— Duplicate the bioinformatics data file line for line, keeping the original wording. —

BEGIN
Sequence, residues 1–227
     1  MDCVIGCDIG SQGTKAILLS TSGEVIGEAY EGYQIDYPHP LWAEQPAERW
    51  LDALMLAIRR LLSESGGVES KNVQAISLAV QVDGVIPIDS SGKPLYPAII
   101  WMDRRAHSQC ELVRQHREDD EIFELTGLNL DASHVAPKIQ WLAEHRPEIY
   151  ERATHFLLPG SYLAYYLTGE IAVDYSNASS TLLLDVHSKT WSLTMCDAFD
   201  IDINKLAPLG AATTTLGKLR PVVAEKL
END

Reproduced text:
Sequence, residues 1–227
     1  MDCVIGCDIG SQGTKAILLS TSGEVIGEAY EGYQIDYPHP LWAEQPAERW
    51  LDALMLAIRR LLSESGGVES KNVQAISLAV QVDGVIPIDS SGKPLYPAII
   101  WMDRRAHSQC ELVRQHREDD EIFELTGLNL DASHVAPKIQ WLAEHRPEIY
   151  ERATHFLLPG SYLAYYLTGE IAVDYSNASS TLLLDVHSKT WSLTMCDAFD
   201  IDINKLAPLG AATTTLGKLR PVVAEKL